1889     On November 13, Crown grants lands in District Lots 643, 649, 748, 749, and 750 to Moses Gibson.

1888     Arthur Wilson establishes his “Cedar Cottage” nursery on his spread near Westminster Road (Kingsway) and Knight.

1891     Interurban tram service established between Vancouver and New Westminster, including a stop at “Cedar Cottage.” N.b.: the area was, at this time, also known as “Epworth.”

1893     Gibson moves his young family out to his homestead in what was then the District of South Vancouver. He builds his ranch house at the southwest corner of D.L. 749.

1894     Gibson becomes one of the three first trustees of DL 301 school, located just across Knight Road on 20th Ave. between Clark and Inverness. A photo of D.L. 301 School from 1897 shows Moses’ son, Sam, amongst the class. Shortly, however, Gibson resigns from the position amidst a controversy surrounding the dismissal of the teacher, a Mr. Phoenix. The children are sent to Mt. Pleasant School.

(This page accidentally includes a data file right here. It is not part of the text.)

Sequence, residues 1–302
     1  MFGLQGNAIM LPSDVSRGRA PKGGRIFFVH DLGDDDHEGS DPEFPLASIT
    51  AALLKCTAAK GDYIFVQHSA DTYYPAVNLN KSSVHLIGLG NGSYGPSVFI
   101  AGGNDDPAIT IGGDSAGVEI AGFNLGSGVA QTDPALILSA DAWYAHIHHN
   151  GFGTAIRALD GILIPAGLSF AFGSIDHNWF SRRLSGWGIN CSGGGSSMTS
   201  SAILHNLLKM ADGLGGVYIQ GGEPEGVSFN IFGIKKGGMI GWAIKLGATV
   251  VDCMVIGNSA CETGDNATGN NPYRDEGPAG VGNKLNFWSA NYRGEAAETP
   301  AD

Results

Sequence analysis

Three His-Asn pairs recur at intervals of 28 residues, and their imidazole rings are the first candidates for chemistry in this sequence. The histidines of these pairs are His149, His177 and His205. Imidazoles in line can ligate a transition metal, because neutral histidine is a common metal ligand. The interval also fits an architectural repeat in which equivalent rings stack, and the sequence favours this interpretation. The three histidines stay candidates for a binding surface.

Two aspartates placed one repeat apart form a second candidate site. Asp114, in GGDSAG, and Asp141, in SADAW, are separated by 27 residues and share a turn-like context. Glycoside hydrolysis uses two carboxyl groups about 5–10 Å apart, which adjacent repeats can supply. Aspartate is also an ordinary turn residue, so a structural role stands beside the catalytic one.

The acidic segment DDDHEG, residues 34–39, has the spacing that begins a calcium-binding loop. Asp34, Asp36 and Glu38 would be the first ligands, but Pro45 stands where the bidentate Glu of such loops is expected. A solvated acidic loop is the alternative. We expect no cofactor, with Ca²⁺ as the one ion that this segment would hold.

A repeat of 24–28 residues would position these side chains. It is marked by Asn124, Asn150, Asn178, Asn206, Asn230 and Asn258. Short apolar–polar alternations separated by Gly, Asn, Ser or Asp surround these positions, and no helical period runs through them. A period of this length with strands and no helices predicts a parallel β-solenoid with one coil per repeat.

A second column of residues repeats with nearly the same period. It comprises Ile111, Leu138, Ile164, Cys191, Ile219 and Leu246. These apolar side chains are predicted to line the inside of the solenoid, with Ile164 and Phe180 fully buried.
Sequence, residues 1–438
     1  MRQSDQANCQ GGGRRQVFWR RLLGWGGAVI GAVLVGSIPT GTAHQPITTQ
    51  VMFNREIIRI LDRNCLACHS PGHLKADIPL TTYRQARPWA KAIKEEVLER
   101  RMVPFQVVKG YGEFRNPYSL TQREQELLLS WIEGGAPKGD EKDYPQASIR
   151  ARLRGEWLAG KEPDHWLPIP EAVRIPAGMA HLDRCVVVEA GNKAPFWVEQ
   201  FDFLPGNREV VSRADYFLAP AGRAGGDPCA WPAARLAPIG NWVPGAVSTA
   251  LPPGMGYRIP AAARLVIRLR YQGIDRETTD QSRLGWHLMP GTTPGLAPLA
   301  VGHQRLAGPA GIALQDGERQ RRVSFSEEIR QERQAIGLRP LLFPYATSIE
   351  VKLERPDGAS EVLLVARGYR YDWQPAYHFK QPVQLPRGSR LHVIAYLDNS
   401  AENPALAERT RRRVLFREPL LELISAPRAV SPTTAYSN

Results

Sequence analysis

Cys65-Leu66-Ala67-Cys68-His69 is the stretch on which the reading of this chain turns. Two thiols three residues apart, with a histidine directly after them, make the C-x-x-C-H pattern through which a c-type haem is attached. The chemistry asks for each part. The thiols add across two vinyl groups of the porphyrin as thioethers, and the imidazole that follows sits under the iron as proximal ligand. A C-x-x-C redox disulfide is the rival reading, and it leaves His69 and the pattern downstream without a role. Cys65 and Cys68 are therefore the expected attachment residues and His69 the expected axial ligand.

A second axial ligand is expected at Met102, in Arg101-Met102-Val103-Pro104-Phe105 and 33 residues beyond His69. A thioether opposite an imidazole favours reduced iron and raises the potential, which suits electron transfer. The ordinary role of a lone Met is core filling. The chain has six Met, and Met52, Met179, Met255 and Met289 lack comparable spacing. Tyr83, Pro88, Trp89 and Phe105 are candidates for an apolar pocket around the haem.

1899     Williams’ British Columbia Directory lists M. Gibson, farmer, in Epworth, “a suburban settlement of Vancouver district ... situated on Westminster Road near the Interurban tramway.”

ca. 1900-1930    Golden age of Cedar Cottage, centered around the business district between 15th and 20th along Cedar Cottage Road (Commercial).

1902 (ca.) Cedar Cottage Brewery established by John Benson at Westminster Road (Kingsway) and Knight, on the banks of Gibson Creek at the site of the present-day Safeway building.

1904     A Moses Gibson, possibly junior, is listed in Henderson’s Directory as a teamster boarding at 209 Prior St.

1908     Robson Memorial Methodist Church (East 18th Ave. and Fleming) built and dedicated.

1914     Vancouver Joint Sewerage and Drainage Board approves and constructs two sets of extensions to its China Creek sewer line south of 11th Ave, which includes portions of Gibson Creek.

1915     On January 28, Gibson appeals for compensation for damage to his property during sewer construction. Such claims, the records reveal, were not uncommon. The board moves to offer Gibson $150 in lieu of the $195 he demanded. Unsure of outcome.

1915     Gibson sells some or all of his ranch at a “tax sale.” Hereafter, the land begins to be subdivided in earnest, with the exception of the strip on the south side of 18th Ave..